Though King never found financial or political support for Project Proof, he collected a network of mentors and partners, people who found jobs for young people, people willing to reward good behavior with a few hours in their personal recording studios, businessmen who donated donuts to his clients. He hopes eventually to establish Project Proof as a nonprofit.
King may have two kids he’s working with, or he may have 50. They all can reach him by cell phone day or night, and when things are particularly rough, King stays near them, visiting often.
Xavier Bryson is one of his success stories.
“Would you rather talk outside in the sun?” King asked, standing at the door of the South Sacramento family house.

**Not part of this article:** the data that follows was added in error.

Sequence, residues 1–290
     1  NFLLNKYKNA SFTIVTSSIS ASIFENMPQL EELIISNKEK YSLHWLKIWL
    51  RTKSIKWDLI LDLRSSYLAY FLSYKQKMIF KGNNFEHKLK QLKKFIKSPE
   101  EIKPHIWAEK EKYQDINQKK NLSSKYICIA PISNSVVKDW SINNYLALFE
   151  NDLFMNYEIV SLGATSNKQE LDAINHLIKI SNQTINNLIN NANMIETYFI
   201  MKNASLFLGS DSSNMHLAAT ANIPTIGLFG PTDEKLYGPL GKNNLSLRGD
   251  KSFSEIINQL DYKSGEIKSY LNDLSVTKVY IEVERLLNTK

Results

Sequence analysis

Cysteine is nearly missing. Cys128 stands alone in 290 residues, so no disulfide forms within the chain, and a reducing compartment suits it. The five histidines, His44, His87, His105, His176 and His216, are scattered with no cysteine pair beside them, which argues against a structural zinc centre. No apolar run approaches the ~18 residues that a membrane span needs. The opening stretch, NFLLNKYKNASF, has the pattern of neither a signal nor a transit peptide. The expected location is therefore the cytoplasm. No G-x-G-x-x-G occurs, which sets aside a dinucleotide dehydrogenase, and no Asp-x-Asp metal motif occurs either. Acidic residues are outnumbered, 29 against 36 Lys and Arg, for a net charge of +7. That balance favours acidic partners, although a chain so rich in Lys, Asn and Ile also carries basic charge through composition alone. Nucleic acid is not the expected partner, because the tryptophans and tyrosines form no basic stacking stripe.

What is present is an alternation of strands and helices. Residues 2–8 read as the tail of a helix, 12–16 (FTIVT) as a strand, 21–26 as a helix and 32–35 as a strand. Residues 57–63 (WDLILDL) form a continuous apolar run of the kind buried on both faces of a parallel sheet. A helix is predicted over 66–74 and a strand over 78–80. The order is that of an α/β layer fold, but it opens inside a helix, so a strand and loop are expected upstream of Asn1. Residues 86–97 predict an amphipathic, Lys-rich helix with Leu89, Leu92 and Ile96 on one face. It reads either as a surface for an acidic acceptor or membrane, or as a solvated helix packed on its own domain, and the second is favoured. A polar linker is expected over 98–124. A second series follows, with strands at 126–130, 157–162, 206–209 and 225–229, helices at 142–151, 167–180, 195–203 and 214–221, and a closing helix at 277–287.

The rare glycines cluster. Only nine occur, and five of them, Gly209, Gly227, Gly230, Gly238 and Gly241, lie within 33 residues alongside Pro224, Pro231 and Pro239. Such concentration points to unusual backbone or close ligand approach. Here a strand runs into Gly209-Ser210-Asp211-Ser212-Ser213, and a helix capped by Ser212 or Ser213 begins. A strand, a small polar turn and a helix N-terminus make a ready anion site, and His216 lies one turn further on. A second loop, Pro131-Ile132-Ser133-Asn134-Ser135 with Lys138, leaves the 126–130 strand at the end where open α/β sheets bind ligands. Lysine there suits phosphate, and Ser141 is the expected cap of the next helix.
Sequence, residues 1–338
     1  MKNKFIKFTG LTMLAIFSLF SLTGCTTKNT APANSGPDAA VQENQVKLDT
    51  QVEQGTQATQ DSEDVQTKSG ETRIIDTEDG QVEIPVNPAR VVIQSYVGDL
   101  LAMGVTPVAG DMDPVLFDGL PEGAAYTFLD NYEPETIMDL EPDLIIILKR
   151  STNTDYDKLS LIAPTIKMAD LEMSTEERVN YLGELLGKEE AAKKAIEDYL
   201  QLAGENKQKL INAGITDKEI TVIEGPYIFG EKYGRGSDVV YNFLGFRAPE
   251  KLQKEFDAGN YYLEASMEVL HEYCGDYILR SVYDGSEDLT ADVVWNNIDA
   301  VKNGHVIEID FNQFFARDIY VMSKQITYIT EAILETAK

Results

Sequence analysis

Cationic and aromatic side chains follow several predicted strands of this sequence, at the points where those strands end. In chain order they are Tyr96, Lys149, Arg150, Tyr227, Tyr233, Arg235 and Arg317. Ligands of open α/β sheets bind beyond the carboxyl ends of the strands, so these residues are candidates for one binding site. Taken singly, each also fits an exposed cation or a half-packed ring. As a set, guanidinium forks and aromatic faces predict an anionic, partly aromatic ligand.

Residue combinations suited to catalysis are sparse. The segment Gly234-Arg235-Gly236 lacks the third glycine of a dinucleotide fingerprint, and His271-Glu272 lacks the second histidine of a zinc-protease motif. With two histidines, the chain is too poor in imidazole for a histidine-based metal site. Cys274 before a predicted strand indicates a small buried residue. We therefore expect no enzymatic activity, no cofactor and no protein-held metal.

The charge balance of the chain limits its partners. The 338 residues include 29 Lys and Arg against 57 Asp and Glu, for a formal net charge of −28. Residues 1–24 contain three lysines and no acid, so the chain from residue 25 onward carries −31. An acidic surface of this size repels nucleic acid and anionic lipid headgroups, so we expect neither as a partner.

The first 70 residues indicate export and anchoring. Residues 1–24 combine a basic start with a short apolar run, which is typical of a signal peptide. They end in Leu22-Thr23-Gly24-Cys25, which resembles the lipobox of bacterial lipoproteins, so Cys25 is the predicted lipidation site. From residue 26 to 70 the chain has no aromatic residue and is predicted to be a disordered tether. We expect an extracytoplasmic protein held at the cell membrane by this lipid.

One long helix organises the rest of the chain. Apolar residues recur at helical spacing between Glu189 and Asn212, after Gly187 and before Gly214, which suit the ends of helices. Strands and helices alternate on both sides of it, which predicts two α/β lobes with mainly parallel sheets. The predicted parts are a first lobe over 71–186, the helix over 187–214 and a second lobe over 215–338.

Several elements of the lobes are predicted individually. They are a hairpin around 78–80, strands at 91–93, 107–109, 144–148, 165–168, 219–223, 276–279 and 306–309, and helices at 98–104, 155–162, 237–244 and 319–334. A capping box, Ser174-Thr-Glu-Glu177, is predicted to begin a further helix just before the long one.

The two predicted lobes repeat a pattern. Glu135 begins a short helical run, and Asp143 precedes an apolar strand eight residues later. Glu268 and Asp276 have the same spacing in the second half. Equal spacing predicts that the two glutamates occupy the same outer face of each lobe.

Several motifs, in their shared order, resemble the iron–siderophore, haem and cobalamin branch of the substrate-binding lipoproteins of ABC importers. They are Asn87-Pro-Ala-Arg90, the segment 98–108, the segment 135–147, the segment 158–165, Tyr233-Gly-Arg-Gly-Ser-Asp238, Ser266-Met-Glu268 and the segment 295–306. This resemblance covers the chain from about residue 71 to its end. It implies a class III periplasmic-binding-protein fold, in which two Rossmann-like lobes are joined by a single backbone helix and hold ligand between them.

“No,” said Bryson, “the house is clean.” He led the way into a dark, warm living room. His mother came in and turned on a reading light.
“I was going through a lot,” explained 18-year-old Bryson, “losing a lot of family members.” Meeting with “Mr. King” two or three times a week, he said, helped him deal with his emotions. Now, Bryson has been working with King for approximately six years.
“If he felt I needed to see him,” said Bryson, “or he needed to see me, he would come by. You can’t tell how someone’s doing until you look in their eyes.”
In seminars with King, Bryson learned what it was like to be a leader. “Each one teach one,” said King, who made his kids do their homework together. “I could be a good counselor,” said Bryson, “because I was taught by a good counselor.”